Patients With Mental Illness Do Not Receive Slower Care in ER
(HealthDay News) – Patients with mental illness wait less time than other patients in Ontario's emergency departments during crowded conditions, and only slightly longer than other patients under non-crowded conditions, suggesting appropriate triage, according to research published online Nov. 12 in CMAJ, the journal of the Canadian Medical Association.
Clare L. Atzema, MD, from the Institute of Clinical Evaluative Sciences and Sunnybrook Health Sciences Centre in Toronto, and colleagues retrospectively analyzed data from adults seen in Ontario emergency departments from April 2007–March 2009. Wait times and triage scores for 51,381 patients with mental illness were compared to all other patients.
The researchers found that, regardless of crowding, patients with mental illness received higher priority triage scores than other patients. For patients with mental illness, the time to assessment by a physician was significantly longer than for other patients (median 82 minutes vs. median 75 minutes; P<0.001), but from the decision to admit the patient to hospital to ward transfer, the median time was considerably shorter for patients with mental illness (median 74 minutes vs. median 152 minutes; P<0.001). During non-crowded periods, patients with mental illness waited 10 minutes longer to see a physician compared with other patients, even after adjustment for other variables. As crowding increased, they waited significantly less time than other patients (mild crowding, −14 minutes; moderate crowding, −38 minutes; severe crowding, −48 minutes).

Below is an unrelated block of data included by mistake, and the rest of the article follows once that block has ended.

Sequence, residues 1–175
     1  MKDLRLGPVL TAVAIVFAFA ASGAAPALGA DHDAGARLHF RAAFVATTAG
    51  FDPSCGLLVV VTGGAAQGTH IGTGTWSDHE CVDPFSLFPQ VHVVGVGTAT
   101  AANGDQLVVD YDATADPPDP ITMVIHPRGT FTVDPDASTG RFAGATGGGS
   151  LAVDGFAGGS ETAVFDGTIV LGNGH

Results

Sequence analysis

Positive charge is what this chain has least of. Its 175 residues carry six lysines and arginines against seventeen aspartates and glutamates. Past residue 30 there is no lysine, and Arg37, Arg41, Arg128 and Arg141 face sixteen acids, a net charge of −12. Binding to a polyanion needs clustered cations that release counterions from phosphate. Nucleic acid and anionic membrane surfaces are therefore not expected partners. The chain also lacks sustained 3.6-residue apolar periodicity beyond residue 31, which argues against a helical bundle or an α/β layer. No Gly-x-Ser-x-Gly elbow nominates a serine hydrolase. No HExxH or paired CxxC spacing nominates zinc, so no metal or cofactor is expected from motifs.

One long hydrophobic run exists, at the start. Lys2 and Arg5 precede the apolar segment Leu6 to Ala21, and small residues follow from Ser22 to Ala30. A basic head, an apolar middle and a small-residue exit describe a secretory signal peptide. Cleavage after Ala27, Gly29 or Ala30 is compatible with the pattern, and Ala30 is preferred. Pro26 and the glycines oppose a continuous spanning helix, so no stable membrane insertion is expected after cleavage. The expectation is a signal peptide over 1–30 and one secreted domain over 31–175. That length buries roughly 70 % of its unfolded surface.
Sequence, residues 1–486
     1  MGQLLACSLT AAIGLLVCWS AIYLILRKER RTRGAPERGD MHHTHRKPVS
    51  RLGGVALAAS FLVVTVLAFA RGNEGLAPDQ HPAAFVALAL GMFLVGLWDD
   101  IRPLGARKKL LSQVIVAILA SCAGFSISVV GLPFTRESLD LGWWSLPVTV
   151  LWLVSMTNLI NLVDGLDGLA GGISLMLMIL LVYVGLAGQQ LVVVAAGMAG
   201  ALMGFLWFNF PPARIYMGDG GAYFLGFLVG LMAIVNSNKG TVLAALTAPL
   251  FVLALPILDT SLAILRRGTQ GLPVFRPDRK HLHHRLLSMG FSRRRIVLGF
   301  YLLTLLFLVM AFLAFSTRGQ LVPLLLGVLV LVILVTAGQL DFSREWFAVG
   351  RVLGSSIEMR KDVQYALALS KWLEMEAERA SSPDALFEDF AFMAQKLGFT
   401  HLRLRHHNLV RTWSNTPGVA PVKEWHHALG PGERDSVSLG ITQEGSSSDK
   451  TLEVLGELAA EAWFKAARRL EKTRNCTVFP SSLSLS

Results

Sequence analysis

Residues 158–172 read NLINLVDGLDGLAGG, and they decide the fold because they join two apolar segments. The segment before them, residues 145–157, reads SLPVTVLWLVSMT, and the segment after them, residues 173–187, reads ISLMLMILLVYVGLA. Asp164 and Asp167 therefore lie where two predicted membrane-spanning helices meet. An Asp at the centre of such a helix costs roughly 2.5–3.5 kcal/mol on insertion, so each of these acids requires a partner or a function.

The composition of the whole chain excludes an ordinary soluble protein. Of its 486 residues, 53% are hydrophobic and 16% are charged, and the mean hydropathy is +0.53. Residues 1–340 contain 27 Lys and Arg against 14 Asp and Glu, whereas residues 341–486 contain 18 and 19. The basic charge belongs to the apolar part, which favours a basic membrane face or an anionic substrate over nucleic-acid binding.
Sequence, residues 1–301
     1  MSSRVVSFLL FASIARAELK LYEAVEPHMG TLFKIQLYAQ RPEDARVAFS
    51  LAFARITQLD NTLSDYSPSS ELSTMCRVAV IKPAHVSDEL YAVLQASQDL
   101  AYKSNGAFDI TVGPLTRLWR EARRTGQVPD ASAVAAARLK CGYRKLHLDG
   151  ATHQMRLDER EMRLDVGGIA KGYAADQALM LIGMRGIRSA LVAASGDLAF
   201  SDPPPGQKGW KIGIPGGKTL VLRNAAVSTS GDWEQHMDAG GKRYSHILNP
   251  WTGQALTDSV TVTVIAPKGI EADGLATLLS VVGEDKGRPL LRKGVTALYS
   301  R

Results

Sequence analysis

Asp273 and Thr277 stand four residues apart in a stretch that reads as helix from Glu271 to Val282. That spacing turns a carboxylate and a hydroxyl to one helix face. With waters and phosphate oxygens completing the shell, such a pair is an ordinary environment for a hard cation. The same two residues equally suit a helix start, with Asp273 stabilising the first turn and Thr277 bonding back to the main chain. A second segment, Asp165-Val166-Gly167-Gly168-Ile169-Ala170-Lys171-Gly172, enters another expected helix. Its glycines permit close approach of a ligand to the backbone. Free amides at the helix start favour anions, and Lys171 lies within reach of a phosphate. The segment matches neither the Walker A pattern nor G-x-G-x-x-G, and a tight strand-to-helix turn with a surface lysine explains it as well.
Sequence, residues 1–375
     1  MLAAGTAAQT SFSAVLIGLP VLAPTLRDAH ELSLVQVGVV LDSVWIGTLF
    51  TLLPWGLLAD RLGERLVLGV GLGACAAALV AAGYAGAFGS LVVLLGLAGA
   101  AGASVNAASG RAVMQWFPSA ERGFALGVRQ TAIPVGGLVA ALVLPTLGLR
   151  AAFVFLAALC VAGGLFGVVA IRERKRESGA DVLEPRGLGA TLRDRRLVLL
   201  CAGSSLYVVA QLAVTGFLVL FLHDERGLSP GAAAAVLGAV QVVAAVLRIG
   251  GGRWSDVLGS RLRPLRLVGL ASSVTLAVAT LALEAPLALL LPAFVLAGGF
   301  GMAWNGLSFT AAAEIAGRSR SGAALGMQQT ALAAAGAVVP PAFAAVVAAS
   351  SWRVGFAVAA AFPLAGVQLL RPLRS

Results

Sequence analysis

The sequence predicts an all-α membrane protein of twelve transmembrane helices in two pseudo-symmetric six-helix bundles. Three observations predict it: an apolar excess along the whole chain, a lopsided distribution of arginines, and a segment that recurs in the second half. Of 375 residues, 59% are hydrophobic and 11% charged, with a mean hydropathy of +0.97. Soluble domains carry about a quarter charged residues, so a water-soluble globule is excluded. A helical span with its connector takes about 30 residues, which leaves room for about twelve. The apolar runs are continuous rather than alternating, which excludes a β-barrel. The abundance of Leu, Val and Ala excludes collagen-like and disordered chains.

"Patients with mental illness were triaged appropriately in Ontario's emergency departments," the authors write.